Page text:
International Living Magazine has announced its top destinations to live in retirement for 2013. They have weighed many factors into their ranking from the price of real estate and medical care to the quality of that care, special retirement benefits, availability of culture and entertainment, the incidence of crime and, important to many Canadians, the weather.
The top five are (there are 22 on the list):
- Costa Rica
Surprised? I was a bit. But then if you do your research, and there are lots of websites and expat blogs out there on the net, the cloudy becomes clear – but, I must admit, sometimes other issues are raised for one to ponder. The answer is more and more research until a consistent picture of life as an expat becomes evident. Of course you never really know until you try a place out …
As Canadians, the cost of health care does not factor into the equation as much as it would our neighbours to the south so, unless one is considering a permanent move, the availability and quality of medical care becomes less important. The continuance of our pensions (CPP and OAS) also weigh into our decision. Would you wish to give up all the benefits of your current citizenship?
If, like me, you want to stay Canadian, one can think about escaping to another part of the world for long term stays of less than six months instead. Here are some of the major considerations as I see it:
- Making sure you “test drive” a country or region to see if it suits. Cruising is a great way to get an overview of different regions in one trip, then pick one place you especially liked to re visit. The experts at Cruise Holidays can assist you either with the initial cruise or the re visit. Renting there means you are not obligated to “like it or lump it.” Yes, you may lose out on a great real estate deal in Paradise and may be subject to rental inflation, but if your dream haven turns out to be not so great after all, you are not gambling that you can sell in a timely fashion and get your all of your investment back.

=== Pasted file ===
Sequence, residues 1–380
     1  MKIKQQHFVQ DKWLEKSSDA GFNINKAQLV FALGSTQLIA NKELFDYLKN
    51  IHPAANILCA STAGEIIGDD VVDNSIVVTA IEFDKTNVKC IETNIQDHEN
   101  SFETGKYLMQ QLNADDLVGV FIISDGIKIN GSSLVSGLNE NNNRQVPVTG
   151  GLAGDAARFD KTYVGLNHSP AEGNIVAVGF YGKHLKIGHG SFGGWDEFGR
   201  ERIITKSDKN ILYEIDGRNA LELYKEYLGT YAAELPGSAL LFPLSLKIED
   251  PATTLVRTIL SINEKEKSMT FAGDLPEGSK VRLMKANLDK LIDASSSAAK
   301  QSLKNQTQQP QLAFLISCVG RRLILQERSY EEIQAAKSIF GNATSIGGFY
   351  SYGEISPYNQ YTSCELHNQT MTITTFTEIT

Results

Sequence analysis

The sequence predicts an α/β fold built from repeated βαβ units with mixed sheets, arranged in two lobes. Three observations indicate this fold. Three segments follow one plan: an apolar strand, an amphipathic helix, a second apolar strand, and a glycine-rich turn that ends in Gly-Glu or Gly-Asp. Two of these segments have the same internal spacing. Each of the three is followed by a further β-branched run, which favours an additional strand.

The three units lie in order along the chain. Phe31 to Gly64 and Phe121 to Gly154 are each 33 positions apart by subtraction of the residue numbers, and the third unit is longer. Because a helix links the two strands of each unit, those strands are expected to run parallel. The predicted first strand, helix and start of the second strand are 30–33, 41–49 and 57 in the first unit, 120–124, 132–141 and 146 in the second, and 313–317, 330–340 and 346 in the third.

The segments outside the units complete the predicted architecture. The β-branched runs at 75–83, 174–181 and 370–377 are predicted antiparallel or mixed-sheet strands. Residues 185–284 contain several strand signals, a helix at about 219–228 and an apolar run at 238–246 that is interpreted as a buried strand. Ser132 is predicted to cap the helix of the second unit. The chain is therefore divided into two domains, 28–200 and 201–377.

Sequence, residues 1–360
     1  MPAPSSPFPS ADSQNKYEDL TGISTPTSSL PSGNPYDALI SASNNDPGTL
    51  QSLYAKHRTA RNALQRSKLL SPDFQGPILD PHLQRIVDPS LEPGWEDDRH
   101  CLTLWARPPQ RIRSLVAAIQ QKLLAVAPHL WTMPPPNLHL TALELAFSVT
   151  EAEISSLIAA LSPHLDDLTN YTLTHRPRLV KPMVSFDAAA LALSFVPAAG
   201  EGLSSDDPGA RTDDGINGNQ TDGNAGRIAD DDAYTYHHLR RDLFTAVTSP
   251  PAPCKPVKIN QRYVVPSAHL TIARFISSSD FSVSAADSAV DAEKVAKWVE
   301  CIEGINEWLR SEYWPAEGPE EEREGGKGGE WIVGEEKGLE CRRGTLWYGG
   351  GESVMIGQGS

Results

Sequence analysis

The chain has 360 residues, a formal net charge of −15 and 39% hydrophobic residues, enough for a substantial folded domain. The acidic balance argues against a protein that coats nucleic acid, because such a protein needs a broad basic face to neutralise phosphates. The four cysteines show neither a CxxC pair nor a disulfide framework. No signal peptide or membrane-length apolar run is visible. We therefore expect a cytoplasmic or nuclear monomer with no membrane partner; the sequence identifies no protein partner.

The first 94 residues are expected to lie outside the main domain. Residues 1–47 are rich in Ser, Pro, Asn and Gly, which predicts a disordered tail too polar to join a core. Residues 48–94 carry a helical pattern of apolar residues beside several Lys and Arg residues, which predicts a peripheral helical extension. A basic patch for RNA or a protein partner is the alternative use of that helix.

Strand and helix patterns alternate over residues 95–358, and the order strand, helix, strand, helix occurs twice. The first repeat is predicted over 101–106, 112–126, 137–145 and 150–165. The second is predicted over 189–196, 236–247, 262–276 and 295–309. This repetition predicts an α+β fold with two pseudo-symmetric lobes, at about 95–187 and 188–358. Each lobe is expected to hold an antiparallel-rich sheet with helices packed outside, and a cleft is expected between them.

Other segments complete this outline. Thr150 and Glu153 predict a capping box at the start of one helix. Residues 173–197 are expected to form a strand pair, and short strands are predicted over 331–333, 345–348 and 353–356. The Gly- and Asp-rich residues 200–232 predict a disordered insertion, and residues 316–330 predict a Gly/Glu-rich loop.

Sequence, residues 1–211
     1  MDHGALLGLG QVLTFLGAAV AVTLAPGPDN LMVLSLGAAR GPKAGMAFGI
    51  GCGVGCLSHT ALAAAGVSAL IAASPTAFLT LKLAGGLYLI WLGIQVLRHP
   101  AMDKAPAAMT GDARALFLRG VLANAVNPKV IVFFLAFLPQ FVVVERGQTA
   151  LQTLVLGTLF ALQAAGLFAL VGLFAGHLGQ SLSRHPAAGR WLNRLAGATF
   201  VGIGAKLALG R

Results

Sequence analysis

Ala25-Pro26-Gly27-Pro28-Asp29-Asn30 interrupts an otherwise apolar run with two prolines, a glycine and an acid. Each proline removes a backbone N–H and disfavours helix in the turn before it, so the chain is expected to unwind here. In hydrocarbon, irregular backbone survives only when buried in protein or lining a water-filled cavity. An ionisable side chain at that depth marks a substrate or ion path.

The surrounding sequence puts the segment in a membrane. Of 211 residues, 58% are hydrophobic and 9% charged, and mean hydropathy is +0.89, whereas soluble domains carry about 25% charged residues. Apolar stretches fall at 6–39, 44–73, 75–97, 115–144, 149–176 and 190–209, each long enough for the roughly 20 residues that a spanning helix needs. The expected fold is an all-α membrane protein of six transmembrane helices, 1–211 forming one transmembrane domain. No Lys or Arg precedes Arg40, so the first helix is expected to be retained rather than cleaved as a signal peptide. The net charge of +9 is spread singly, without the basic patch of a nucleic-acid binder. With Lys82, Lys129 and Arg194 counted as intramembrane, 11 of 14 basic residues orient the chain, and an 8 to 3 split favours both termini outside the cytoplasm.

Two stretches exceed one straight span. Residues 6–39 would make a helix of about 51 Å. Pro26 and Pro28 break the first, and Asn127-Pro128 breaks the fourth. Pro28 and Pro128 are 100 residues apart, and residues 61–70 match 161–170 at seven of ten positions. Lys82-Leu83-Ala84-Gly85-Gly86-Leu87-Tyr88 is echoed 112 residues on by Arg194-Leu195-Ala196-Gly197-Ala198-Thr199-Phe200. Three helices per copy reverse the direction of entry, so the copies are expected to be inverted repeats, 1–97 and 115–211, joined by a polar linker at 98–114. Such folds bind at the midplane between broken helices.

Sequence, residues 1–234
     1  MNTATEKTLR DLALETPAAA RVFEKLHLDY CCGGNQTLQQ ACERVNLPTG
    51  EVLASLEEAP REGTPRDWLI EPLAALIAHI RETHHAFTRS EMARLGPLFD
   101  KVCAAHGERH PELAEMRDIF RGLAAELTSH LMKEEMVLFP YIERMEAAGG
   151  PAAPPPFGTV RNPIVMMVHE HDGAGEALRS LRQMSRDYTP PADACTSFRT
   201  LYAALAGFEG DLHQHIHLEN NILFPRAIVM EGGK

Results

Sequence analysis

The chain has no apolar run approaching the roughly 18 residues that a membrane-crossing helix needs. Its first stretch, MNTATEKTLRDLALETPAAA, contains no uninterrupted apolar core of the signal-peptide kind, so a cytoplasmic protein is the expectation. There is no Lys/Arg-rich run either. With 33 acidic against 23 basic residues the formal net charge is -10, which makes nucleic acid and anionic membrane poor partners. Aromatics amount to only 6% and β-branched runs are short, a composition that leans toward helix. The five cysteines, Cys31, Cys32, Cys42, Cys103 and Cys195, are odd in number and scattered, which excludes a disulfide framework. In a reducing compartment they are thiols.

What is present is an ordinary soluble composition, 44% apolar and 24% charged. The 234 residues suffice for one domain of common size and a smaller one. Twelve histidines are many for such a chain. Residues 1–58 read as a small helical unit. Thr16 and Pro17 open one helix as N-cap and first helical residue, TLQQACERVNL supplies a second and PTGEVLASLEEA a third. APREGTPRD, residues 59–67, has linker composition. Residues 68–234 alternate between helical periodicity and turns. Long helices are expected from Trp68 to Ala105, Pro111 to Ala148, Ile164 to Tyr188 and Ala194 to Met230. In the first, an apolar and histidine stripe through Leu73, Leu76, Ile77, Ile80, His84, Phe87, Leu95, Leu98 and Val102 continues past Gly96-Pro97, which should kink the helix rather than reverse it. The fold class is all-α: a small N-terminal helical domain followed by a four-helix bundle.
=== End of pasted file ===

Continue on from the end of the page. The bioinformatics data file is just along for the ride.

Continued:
- The cost of air fare from where you live. If one of the factors for escape is the lower cost of living, then travel cost is a big factor. Divide this cost by the number of months you will be staying abroad. Add this amount to your monthly rent, groceries, utilities etc. for a truer picture. And it may surprise you how much more it costs in time and money to travel to some “nearer” countries than those further afield. From our neck of the woods in Canada, it is cheaper to travel to Portugal ( # 11) than to Belize (which incidently slipped from high on the list in recent years to a dismal 21 out of 22 ranking, only the Dominican Republic was lower.)
- Maintaining a residence in Canada. (This is one of the factors your government may look at if you are pushing the six month out of country envelope. Having business interests here also helps. Otherwise you may be saying good bye health care, etc. But then I digress.) Keeping your home is not so bad if you own it mortgage free (there still are those pesky utility, insurance and tax costs), but if you are paying a mortgage or rent, where are the savings? Sub letting an apartment or renting out your home for short terms can be a nightmare – and perhaps impossible if your stay is only a few months.
- Learning the language. English is probably one of the best to have as a mother tongue as it is understood most everywhere. A few countries on the list (New Zealand, Ireland and Belize for example) have it as a first language. If you are also bilingual (French, France is #14) even better. But with many of the countries near the top of this list, the people speak Spanish. (Spain itself is #8.) Get tutoring, either privately or with one of the internet based courses .Watch more Dora the Explorer with the grandkids! Even a little Spanish is better than none.
- Personal safety. This can be from crime, from government stability or natural disasters. No matter where one lives, you have to exercise caution to keep yourself and your property from becoming the target of criminals. And as far as a country’s stability, that can change over a short period of time so read and read more on the current state of affairs in a region, and especially check the blogs of expats living there. The latter usually have a better temperature reading of the political climate than reporters. And natural disasters? They are unpredictable (hence why they become disasters) but if you are bothered by the possibility of hurricanes, volcanoes, floods, or earthquakes then don’t stay in specific danger-prone areas. And always be registered with the closest Canadian consulate.
- Wildlife. Some folks want to live with the exotic but personally I do not like bugs (mosquitoes, creepy crawlies and spiders), poisonous snakes and wild cats. Research the flora and fauna.
So my picks after research? Ecuador and Portugal.
THIS POST WAS WRITTEN BY D MACINTYRE
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